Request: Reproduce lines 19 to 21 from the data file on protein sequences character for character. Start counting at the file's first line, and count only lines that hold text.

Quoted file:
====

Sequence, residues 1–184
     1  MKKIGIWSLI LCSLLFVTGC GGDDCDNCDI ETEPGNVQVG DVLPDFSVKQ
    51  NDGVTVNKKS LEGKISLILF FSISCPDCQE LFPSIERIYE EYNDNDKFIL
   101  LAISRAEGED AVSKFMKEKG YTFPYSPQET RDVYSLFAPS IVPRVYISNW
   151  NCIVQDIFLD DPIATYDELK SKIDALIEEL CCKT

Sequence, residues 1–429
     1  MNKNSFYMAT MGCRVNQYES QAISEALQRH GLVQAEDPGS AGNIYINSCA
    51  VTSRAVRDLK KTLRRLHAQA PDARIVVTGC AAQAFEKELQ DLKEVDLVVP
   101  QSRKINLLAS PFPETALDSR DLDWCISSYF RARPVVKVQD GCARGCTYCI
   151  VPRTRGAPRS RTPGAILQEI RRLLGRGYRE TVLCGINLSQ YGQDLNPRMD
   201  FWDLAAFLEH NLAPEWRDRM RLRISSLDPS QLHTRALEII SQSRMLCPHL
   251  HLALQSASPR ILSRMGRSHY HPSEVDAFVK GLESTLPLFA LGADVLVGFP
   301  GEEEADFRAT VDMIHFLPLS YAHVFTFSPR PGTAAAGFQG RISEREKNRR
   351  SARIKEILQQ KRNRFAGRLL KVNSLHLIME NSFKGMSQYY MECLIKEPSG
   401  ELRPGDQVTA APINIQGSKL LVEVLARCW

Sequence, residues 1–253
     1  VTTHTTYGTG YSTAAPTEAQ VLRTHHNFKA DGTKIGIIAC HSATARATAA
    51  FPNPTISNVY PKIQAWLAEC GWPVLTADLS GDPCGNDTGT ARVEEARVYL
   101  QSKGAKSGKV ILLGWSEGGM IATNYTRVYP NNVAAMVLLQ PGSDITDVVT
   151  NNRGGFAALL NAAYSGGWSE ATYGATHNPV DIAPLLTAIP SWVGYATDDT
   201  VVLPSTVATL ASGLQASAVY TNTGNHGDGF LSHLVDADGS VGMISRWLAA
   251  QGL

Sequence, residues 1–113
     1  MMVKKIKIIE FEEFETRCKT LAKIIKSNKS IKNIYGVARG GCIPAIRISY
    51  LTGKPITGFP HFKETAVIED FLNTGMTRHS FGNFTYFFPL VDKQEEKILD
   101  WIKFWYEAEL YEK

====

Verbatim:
   101  QSKGAKSGKV ILLGWSEGGM IATNYTRVYP NNVAAMVLLQ PGSDITDVVT
   151  NNRGGFAALL NAAYSGGWSE ATYGATHNPV DIAPLLTAIP SWVGYATDDT
   201  VVLPSTVATL ASGLQASAVY TNTGNHGDGF LSHLVDADGS VGMISRWLAA